And so we continue…
I was pretty sure last night was a dream. But then, I also remember the smell of late night chai as we sat together, huddled, looking at the sky at 2am, watching the Milky Way. What a spectacular moment that was? As I lay in bed, I started to wonder. When I write the most memorable parts of this trip or prepare a list of must-dos and must-watch, how was I supposed to narrow down the list to a few? The trip seemed to be getting better day-by-day.
Our morning breakfast was very different here. We set out to Chandra Taal at around 7 am because our surprise breakfast was planned on the banks of the breathtakingly gorgeous lake. As we neared the spot where we were to camp for the next two hours, I vividly remember my first impression of what I saw. I thought we were approaching a giant mirror because something was shining blue and had the clouds and the sky on it. I realized that it could not be the sky so it should probably be a mirror. As it turned out, this magnanimous mirror is nothing but the moon lake, better known as Chandra taal. The blue lake is surrounded by a lot of green land and has snow capped mountains adorning the background. During my younger years, I used to paint a lot and therefore had a thing for colours, which was quite evident in my future paintings as well as my writings, where I end up investing several words in my article to describe the change in colours in the natural surroundings. This place gave me the same feeling. I sat down on the green patch, just near the lake and as I looked around, the colours green-blue-brown-light blue-white just blended with each other seamlessly. I would have loved to recreate some part of this beauty right there, on the banks of the Chandra Taal. But alas, that was not to be!
The locals, who were with us through this trip, shared stories of Chandra Taal. As it turned out, this was said to be the same place from where Lord Indra had picked up Yudhishthira, the eldest of the Pandavas to take him on a journey to heaven. While mythology was not each person’s cup of tea, at that moment, I wished I could have been a part of Chandra taal eons ago, when this place was far more pristine – a virgin in itself. The peaks surrounding this lake, namely the Moulkila and Chandrabhaga, were around 3000 metres to 6300 metres in height.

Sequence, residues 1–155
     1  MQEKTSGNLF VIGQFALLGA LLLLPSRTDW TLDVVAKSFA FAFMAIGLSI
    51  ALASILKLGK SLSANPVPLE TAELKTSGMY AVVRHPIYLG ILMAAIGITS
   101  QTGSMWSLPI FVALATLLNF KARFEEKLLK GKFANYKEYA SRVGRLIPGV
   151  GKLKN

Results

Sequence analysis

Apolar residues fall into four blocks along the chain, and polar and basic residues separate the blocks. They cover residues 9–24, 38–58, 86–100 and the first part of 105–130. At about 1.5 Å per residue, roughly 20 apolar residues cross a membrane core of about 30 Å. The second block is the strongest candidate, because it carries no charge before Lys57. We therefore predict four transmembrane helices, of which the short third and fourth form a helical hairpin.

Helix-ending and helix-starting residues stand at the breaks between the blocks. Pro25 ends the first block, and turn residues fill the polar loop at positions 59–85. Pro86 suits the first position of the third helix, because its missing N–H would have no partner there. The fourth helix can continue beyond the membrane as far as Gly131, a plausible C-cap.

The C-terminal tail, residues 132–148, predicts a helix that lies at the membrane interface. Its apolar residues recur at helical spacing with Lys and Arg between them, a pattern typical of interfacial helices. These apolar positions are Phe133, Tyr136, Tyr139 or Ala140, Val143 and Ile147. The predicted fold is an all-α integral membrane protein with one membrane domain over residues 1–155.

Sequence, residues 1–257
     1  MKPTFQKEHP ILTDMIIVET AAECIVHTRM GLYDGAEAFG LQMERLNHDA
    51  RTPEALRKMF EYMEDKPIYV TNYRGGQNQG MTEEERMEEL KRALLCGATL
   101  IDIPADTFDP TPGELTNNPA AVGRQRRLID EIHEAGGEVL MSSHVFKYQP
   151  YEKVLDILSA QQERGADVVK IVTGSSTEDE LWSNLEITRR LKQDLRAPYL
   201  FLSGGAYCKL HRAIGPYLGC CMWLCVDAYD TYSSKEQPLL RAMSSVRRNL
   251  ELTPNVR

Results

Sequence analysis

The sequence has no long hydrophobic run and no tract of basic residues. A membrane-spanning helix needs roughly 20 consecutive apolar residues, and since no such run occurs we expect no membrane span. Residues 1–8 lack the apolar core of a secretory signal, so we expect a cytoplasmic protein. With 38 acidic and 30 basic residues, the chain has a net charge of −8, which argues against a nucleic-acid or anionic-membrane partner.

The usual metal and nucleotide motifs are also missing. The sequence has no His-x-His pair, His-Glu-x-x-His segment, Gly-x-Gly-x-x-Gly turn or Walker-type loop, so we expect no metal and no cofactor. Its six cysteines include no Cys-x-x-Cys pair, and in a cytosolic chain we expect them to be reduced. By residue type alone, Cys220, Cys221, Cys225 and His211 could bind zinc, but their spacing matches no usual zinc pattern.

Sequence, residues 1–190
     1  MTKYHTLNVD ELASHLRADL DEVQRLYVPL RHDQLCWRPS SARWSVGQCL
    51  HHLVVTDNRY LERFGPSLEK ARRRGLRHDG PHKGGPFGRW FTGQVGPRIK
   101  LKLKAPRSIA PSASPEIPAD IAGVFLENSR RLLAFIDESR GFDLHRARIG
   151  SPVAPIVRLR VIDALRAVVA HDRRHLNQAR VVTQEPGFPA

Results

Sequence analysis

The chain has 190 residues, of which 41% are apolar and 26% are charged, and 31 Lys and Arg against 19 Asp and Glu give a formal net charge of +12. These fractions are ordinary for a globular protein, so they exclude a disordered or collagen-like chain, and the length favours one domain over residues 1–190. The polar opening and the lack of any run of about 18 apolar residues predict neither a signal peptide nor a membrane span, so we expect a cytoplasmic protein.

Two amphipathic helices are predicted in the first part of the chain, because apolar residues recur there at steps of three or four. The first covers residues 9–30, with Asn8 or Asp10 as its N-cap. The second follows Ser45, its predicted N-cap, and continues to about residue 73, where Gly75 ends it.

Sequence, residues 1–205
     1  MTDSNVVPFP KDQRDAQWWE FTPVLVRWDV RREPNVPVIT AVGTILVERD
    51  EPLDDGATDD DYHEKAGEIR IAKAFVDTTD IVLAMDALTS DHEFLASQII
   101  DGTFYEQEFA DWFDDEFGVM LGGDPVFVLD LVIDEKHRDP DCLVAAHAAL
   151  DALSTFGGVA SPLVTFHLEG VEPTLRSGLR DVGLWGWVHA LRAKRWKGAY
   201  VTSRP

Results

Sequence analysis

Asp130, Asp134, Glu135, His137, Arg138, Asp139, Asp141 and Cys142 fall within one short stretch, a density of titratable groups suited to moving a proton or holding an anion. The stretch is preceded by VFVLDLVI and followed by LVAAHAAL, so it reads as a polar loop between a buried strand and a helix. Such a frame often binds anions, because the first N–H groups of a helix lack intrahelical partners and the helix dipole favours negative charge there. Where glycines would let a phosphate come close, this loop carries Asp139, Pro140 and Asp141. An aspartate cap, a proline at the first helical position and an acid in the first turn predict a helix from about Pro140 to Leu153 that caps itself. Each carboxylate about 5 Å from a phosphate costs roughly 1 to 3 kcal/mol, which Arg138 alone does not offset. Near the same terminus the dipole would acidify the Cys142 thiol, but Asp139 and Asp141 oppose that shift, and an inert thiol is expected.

And in the stories of history, this was also known to be the halting area of traders once upon a time when they stopped here before moving ahead to Kunzum and Sarchu.
Our breakfast was primarily a cold one yet a large spread. This was necessitated because it is forbidden to set up camp and cook on the banks of the lake. Both Suraj Tal and Chandra Tal are sacred and life giving lakes. However, hot parathas, made by our cooks at the campsite were brought to us in hot cases, served with chai. We also had mueseli with milk and buttered bread. After spending the two hours, walking along the lake, setting foot into some parts of the lake, and lying down on the cool green grass catching a quick snooze, we headed back to our camp site. The photo lovers in our group were having a veritable feast with the vistas. We got ready and checked out soon thereafter, as we were to leave for Kaza.
We were all dreading the 15 km drive uptil Batal (remember the non existent roads). The road to Kaza forks just before we reached the Chacha Chachi dhaba. Thankfully, the roads got better as we started climbing Kunzum La. The pass lies at approximately 4500m and separates the Kullu and Spiti valleys. We stopped on top to enjoy the scenery and the snow. Our ever-equipped guides from The Road Less Travelled immediately opened their flasks and served us hot coffee and biscuits. Oh… I was getting used to this decadent luxury. I reminded myself that back in Mumbai, I would have to do everything myself.